I’m excited to hear from Brian about how he went about creating our new logo, which debuts today. He also chose our new font, Mr. Eaves, and updated and modernized our color scheme.

Question: Tell me how you ended up at CHI, including your career path before this.

Answer: Looking back, it’s obvious I was destined to end up in some kind of creative field.

As a kid, anything that involved cutting and pasting was right up my alley. Posters, mobiles and collages were my favorite school projects, and I for years I maintained my own scrapbook of pictures of Philadelphia Phillies players that I cut out of newspapers and magazines. Eventually I found my way into the newspaper industry and worked as a designer and editor for 14 years, including the last nine at the Rocky Mountain News in Denver. I’ve now been at CHI for six years and I am pleased to report that nearly all the skills I’ve developed as a journalist and a creative apply to the work I do here.

Q: What’s the best thing about working at CHI?

A: Without question, it’s being part of the incredibly talented and close-knit CHI family. In a lot of ways, it’s like being back in the newsroom. The level of excellence in this office is astonishing. Plus, unlike with my own family, I never have to yell at anyone to hurry up and find their shoes because we’re already running 20 minutes late.

Q: What have you learned since arriving at CHI?

A: Health policy acronyms. So many health policy acronyms.

But seriously, I’ve learned that people in the health policy world love their data and they love it presented visually. I can make things look pretty (everyone here calls it Brian-izing) but our researchers and analysts truly are the heart and soul of our work. The enthusiastic collaboration between design and data is one of the best qualities we bring to the table.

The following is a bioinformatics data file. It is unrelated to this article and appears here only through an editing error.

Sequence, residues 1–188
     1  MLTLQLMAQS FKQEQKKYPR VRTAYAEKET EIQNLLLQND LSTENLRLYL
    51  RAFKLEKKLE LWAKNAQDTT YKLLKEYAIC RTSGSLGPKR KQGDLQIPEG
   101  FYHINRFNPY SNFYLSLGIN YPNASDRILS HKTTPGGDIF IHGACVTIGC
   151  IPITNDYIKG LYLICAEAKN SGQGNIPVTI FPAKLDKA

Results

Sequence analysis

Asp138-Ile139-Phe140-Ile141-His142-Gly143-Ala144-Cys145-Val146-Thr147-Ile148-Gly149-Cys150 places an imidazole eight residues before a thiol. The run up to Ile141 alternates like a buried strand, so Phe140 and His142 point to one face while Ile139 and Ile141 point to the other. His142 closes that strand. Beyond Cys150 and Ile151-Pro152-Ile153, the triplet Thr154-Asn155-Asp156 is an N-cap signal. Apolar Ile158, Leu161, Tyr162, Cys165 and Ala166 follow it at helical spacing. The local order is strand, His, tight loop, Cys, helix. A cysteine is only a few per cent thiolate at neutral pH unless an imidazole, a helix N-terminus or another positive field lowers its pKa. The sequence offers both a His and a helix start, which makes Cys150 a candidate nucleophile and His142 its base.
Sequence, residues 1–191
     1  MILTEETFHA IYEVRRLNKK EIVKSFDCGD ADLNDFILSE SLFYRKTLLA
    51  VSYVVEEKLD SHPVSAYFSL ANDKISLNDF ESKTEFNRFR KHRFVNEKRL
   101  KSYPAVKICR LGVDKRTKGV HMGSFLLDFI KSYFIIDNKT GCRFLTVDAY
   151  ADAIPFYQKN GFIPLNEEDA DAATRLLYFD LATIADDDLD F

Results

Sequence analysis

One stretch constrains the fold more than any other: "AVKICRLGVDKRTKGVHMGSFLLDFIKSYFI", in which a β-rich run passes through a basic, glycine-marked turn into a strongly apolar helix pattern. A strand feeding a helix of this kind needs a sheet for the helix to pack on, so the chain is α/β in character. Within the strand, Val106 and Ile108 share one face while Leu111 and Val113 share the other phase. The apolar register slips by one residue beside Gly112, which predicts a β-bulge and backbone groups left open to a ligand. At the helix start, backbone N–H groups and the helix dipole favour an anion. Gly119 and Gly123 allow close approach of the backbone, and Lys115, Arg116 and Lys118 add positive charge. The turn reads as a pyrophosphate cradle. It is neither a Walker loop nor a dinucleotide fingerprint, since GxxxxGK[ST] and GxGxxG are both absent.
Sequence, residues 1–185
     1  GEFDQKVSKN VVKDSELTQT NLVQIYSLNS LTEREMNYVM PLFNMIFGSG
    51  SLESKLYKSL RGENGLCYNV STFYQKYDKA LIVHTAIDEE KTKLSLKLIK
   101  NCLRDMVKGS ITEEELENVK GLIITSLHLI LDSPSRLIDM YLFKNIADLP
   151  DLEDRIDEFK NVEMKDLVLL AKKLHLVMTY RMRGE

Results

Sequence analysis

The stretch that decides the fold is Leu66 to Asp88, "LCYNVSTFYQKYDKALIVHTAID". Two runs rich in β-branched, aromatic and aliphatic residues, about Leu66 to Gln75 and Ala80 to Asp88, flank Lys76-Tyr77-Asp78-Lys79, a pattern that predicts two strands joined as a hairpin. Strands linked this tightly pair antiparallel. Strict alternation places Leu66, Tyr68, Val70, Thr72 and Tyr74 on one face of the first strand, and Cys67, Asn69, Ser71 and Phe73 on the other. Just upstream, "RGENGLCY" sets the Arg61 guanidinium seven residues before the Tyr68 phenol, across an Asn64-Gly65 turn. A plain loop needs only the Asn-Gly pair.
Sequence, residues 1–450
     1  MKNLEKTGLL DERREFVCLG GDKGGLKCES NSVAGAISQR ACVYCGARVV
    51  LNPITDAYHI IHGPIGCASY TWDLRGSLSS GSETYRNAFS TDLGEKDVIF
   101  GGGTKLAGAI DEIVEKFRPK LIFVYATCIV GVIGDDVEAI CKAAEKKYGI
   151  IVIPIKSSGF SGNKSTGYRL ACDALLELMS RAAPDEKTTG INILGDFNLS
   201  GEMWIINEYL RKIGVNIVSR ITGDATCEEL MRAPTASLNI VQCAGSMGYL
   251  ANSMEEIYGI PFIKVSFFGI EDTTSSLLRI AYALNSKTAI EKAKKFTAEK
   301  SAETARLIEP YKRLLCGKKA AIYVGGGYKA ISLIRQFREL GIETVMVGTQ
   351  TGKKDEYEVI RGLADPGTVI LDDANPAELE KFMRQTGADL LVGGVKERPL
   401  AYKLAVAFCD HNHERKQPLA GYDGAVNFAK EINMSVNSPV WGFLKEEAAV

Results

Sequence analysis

Q: How did you go about designing the new logo? I seem to remember it involved a day out of the office.

A: Logo design is four parts caffeine, three parts staring into space waiting for inspiration to strike, two parts randomly drawing shapes on the computer until something finally looks good and one part talent.

I wasn’t happy with anything I came up with during the first few rounds (see below), and I was starting to question how in the world I’d ever been hired as a graphic designer. To steer into that slide before it became a full-on crisis, I decided to ditch the office and head into the great outdoors. I left all my technology behind and spent an entire day just meandering around a park with my sketch pad.

Being outside helped me focus on why health and health care are such important topics for many Coloradans. Being active and healthy makes living in our magnificent state that much sweeter. Eventually the fresh air helped clear out the cobwebs and I came up with several ideas, one of which eventually developed into our new logo.

Q: What do you want people to take away from the logo about CHI?